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Jul 19, 2022

In this episode I speak with Jeffrey Bloom and Rabbi Jeremy Kagan about the book Spinoza, Strauss, and Sinai: Orthodox Judaism and Modern Questions of Faith published by Kodesh Press . The book is a collection of essays edited by Jeffrey Bloom, Alec Goldstein, and Gil Student.

Jeffrey Bloom grew up secular, Jewish family and the idea of actually practicing Orthodox Judaism was outside of the realm of possibility.  He studied at University of Chicago where he took a class with Professor Leon Kass on Genesis. (see book link below) This was the first time that he took religion seriously.  He notes that as a child of divorce— he wanted stronger family life, and he was attracted to Orthodox Judaism, but still  questioned whether it was reasonable. This led him to read Strauss critique of Spinoza’s critique of religious belief.  The Enlightenment philosopher, Baruch Spinoza argued that religious belief was irrational. But in his book, Spinoza’s Critique of Religion, Leo Strauss argued that while the enlightenment with Spinoza and his heirs claimed to refuted orthodox belief, they in fact did not.  Strauss claimed that as long as orthodoxy is willing to make the concession that they can’t “know” and only “believe” the tenets of Judaism, then it is plausible and no weaker a position that rationalism because that is precisely what Spinoza is doing—when pressed, Enlightenment rationalism, like religion, rests on acts of “faith” in tenets that it cannot prove. 

Strauss’ argument opened up questions about reason, belief, truth, access to reality and more, and what it did for Bloom was make orthodox Judaism rationally and intellectually plausible. As Rabbi Jeremy Kagan puts it, “carved out a space for the Torah” and religion belief and practice.

Yet Bloom had another question—Strauss opened the door to religious belief, but what did Orthodox Jews think about the arguments of both Spinoza critique of religion, and Strauss’ critique of Spinoza? Bloom gathered a group of Orthodox believers, Rabbis, computer scientists, philosophers, to address the question: Is the argument of Strauss any good?  Are there better replies to the critique of religion than Strauss provides?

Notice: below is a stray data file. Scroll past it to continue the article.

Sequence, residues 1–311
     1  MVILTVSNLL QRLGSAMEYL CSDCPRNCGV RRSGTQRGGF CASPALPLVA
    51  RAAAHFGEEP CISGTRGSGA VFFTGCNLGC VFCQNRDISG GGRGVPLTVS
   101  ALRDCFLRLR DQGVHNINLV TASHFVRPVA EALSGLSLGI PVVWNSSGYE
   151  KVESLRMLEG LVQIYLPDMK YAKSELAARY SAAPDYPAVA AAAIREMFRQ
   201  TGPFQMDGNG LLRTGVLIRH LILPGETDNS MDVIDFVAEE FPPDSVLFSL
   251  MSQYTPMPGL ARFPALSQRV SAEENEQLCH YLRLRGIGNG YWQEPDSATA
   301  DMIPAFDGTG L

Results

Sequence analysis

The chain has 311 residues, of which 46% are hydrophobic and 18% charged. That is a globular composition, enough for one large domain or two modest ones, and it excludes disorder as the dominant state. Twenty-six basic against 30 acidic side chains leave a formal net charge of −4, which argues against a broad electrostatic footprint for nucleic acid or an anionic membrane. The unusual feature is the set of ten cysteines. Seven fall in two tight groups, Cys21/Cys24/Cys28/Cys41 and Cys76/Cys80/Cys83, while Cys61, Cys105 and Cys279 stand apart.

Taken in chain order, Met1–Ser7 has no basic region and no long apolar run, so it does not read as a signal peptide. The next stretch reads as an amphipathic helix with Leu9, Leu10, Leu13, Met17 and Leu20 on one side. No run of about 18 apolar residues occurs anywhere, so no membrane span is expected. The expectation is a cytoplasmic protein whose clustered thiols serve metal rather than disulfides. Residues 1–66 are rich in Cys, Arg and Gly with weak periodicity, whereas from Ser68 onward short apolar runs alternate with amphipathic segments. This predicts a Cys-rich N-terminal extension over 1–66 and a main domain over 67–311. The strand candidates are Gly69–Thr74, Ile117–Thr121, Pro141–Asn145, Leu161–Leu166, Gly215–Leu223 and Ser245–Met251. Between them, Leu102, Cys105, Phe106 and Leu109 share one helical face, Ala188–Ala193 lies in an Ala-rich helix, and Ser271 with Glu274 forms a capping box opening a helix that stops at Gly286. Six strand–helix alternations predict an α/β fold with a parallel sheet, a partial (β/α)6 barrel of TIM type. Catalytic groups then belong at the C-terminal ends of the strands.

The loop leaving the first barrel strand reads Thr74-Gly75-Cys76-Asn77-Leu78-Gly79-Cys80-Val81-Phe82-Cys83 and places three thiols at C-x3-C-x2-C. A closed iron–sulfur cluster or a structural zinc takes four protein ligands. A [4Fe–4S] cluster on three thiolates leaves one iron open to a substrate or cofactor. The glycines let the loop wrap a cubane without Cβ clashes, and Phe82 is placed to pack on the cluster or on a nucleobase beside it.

This book is relevant for many reasons— There is a sense that the Enlightenment and science and empiricism has proved that orthodox religion, Judaism and Christianity, is intellectually unserious and untenable, and many people hold this to be the case. Secular thinkers and atheists often critiques religion for its faith but they don’t realize they that rely on a host of non-empirical assumptions that uphold their beliefs.  For example, why is reason is better than non - reason and how can one prove it in empirical means?  

We discuss several essays including those by Jeffrey Bloom, Rabbi Kagan, Rabbi Shalom Carmy who argues that Strauss’ arguments are not compelling, and Moshe Koppel’s essay, “Why Revelation and not Orbiting Teapots” which makes the distinction between orthodox belief and superstition and more. 

This is a complex discussion that addresses some of the big underlying questions about faith and science, reason and belief, different forms of knowledge, the value of religious observance, and some of the main themes of the Moral Imagination Podcast. I hope you enjoy.